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Senate passes water bill but fails to include #NoDAPL amendment

Filed Under: Environment | National | Politics
More on: 114th, bernie sanders, bia, blackfeet, columbia river, dakota access pipeline, drift act, gold king mine, h.r.5303, house, housing, jeff merkley, john barrasso, jon tester, kennewick man, nagpra, navajo, patty murray, s.1125, s.2771, s.2848, scia, senate, standing rock sioux, tom udall, treaties, usace, water
     
   

Mni Wiconi -- Water is Life. Photo by Joe Brusky / Overpass Light Brigade

The Senate passed a national water bill on Thursday with a slew of pro-tribal provisions but failed to address the Dakota Access Pipeline.

Sen. Bernie Sanders (I-Vermont) introduced an amendment to S.2848, the Water Resources Development Act, that would have required more study of a key portion of the controversial project. That's something the Standing Rock Sioux Tribe and the #NoDAPL movement have been seeking all along.

But the proposal was never brought up for consideration on the floor and it was not among the amendments that were included in the bill by agreement among lawmakers. S.2848 itself passed a vote of 95 to 3.

Sanders discussed the lack of a environmental impact statement at a rally that drew hundreds of people to the White House on Tuesday. He said the study would show why the pipeline should not move forward.

“Our species will not survive if we continue to destroy nature, so today we stand united in saying stop the pipeline, respect Native American rights and let us move forward to transform our energy system away from fossil fuels," Sanders said at the rally.

Despite the omission of the #NoDAPL amendment, the Water Resources Development Act includes a number of provisions that will benefit Indian Country. The entire text of S.2717, the Dam Repairs and Improvements for Tribes Act (DRIFT Act), was included in the measure before passage.

The DRIFT Act invests $655 million over 20 years to address dam maintenance across Indian Country. Without the funds, the Bureau of Indian Affairs has admitted that it won't be able to reduce the backlog in long-overdue repairs.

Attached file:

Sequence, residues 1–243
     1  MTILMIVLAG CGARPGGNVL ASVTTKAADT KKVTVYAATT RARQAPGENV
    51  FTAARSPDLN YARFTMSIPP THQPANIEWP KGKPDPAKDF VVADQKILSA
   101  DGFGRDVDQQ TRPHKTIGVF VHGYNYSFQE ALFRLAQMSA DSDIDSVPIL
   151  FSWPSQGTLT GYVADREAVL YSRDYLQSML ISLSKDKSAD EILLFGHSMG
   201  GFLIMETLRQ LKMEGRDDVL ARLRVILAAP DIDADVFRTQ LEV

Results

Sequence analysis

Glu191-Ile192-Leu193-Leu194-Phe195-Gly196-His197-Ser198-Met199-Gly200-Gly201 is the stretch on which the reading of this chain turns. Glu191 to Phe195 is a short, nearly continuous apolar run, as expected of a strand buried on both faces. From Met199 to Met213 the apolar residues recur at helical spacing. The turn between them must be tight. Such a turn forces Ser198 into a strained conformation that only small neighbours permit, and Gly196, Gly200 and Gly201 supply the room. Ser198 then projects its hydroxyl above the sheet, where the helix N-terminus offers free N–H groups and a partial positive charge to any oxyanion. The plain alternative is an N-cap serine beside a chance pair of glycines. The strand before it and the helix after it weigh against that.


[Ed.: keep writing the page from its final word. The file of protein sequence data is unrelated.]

The DRIFT Act also makes some reforms to tribal programs at the U.S. Army Corps of Engineers, the agency that has been reviewing the Dakota Access project. One provision allows the agency to pay for the first $100,000 for feasibility studies, including those that protect tribal cultural and natural resources.

"I am glad the Senate has taken action to address the badly needed maintenance of dams in tribal communities,” Sen. John Barrasso (R-Wyoming), the chairman of the Senate Committee on Indian Affairs who introduced S.2771 in March, said in a press release on Thursday. “This bill holds Washington accountable to maintain high-risk dams in Wyoming and across the country."

In addition to the DRIFT Act, S.2848 ratifies a water rights settlement for the Blackfeet Nation of Montana. Chairman Harry Barnes said he was "thrilled" to see some progress on the agreement, which has been in the works since the 1980s.

"The Blackfeet Tribe is excited about today's news, and while we still have some work to do, this is a very important step toward securing and protecting our water rights," Barnes said in a press release from the office of Sen. Jon Tester (D-Montana), the vice chairman of the Senate Committee on Indian Affairs and the sponsor of S.1125, the Blackfeet Water Rights Settlement Act.

Another provision of S.2848 benefits the four tribes with treaty rights on the Columbia River. The bill seeks to address housing needs of Indian families who were displaced by the creation of the Bonneville Dam and the John Day Dam decades ago.

"It's totally unacceptable that decades after the federal government’s dams wiped out our tribes’ communities and fishing sites with thousands of years of history, we still have not honored our obligations to tribal members along the Columbia River," Sen. Jeff Merkley (D-Oregon) said in a press release.

And yet another portion of S.2848 aims to bring finality to a controversial dispute that arose under the Native American Graves Protection and Repatriation Act. S.2848 requires the Army Corps to transfer the remains of the Kennewick Man -- an 8,500-year-old Native ancestor who was removed from his resting place along the Columbia River in 1996 -- to the state of Washington.

The state would then allow for him to be reburied by his tribal relatives, who refer to him as the Ancient One. DNA tests have linked him to present-day Native peoples, including to members of the Colville Tribes in Washington.

"After more than twenty years of debate, it’s time to return the Ancient One to his rightful resting place,” Sen. Patty Murray (D-Washington) said in a press release. “I’m proud to see this legislation so close to the finish line. I’ll be fighting to ensure we get this done to honor his descendants and write the final chapter on the history of the Ancient One.”

Finally, S.2848 includes language to address the Gold King Mine disaster that polluted the water systems on three reservations in the Southwest. The bill speeds up the reimbursement process for the Navajo Nation -- whose leaders have spent at least $3.8 million so far on emergency and other costs -- and other affected governments.

"I will keep working -- many Navajo farmers and others across the region have not seen a dime to compensate them for their losses, and we must ensure everyone impacted by the spill gets the help they need," Sen. Tom Udall (D-New Mexico) said in a press release on Thursday.

With work complete in the Senate for now, attention turns to the House, whose version of the Water Resources Development Act is H.R.5303. The bill in its current form does not include any of the pro-tribal provisions and does not address the Dakota Access Pipeline either. It could be brought up for consideration next week.

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